Management Report for the Roman Catholic Church
The Roman Catholic Church (hereafter the Corporation) was for nearly one thousand years the most successful business the world has ever seen. In recent centuries, however, a variety of factors have resulted in the Corporation being depositioned in several key markets. This Report will first analyze the primary factors that have resulted in loss of market share, and then will make several recommendations intended to enable the Corporation to halt its decline and, where possible, begin to re-establish its brand and thereby re-invigorate its revenue stream.
The Corporation was an early innovator in management practice, centralizing and establishing a functional hierarchy long before potential competitors adopted similar business models. One central feature of the early years of the Corporation was a highly pragmatic mix of centralized decision-making combined with a significant degree of local autonomy. In this way, the core marketing messages of the Corporation could retain a general consistency while being adapted to the needs of local markets.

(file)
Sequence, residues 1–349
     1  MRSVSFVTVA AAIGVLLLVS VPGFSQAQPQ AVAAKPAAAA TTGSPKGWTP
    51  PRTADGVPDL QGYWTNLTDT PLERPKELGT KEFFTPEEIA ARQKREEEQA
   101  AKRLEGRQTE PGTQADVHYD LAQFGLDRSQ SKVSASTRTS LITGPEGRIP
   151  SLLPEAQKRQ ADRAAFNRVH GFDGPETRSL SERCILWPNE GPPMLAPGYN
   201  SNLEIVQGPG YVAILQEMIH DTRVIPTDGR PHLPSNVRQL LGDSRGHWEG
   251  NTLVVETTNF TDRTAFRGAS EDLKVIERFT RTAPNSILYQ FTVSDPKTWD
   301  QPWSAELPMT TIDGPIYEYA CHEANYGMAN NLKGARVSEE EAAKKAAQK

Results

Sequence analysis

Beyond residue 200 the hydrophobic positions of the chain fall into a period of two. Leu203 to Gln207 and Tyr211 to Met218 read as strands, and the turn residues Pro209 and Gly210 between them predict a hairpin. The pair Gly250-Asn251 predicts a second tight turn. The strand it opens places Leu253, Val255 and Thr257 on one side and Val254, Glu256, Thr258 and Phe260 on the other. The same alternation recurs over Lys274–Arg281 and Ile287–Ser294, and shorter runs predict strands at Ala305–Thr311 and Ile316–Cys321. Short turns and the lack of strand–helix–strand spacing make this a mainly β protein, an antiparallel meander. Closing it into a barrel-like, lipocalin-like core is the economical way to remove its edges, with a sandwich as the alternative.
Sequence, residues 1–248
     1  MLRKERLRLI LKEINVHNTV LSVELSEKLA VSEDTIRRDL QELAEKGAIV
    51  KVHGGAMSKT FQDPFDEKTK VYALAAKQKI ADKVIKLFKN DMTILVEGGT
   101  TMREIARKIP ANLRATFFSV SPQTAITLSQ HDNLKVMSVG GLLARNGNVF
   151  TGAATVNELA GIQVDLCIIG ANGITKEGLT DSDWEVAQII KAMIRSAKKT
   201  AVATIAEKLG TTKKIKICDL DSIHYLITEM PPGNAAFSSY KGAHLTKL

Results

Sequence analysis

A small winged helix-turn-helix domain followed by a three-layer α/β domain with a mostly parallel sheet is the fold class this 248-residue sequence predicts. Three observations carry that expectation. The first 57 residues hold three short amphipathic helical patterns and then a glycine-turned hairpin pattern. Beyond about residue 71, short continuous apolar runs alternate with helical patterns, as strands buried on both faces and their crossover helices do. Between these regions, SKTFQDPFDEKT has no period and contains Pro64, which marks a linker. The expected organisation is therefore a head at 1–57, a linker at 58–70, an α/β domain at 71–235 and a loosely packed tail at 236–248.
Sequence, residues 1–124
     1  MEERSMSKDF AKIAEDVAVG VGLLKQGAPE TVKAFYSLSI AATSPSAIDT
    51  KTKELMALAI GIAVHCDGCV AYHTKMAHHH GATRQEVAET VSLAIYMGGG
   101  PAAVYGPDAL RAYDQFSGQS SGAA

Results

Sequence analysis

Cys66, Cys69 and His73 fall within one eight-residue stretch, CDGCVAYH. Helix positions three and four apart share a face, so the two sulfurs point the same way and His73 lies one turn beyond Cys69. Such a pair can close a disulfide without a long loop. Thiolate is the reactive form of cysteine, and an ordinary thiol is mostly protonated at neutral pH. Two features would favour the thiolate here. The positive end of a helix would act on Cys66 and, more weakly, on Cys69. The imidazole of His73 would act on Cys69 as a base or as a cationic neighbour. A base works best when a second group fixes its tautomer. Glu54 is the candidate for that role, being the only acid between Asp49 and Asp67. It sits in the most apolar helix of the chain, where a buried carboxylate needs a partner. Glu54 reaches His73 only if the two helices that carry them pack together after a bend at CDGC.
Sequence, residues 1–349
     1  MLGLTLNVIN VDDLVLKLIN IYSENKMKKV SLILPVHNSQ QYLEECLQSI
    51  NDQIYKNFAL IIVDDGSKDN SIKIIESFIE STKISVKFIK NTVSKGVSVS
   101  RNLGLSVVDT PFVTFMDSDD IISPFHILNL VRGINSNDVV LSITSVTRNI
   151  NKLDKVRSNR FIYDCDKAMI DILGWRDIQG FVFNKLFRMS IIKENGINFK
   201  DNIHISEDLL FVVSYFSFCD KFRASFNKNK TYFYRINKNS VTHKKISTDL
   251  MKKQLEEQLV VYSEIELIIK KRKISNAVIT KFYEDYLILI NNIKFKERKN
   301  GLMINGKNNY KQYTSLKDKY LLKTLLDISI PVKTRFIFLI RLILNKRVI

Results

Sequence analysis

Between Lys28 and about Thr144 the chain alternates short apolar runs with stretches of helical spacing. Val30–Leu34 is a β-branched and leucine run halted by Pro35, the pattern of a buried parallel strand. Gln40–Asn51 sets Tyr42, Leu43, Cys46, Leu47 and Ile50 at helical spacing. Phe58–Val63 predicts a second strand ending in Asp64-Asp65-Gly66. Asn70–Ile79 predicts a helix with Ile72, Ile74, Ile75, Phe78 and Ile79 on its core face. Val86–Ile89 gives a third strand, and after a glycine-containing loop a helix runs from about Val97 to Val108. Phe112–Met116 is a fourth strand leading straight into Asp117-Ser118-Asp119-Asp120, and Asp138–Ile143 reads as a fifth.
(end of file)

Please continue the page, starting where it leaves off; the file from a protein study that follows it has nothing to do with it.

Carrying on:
This combination of doctrinal orthodoxy mixed with market-specific adaptations enabled the Corporation to expand rapidly in its initial phases. By absorbing many earlier religions’ brand characteristics, the Corporation was able to effectuate market dominance without the necessity of over-spending on competitive positioning. Utilizing the Unique Selling Point (USP) of Hebrew mythology — the one true god — and adapting it to contemporary requirements, the Corporation was able within the span of a mere few centuries to turn former local deities into wholly-owned subsidiaries rebranded as saints. Where such rebranding would have created too great a conflict with the core messages of the Corporation such as guilt, shame, and sexual repression, former deities were not turned into saints but instead into opposition figures. Hence the god Pan was rebranded as Satan and the Underworld of Hades was rebranded as Satan’s realm of eternal torment.
Due to the mysogenistic and highly neurotic nature of the foundation Hebrew mythology (itself an incoherent patchwork of earlier myths and fables)…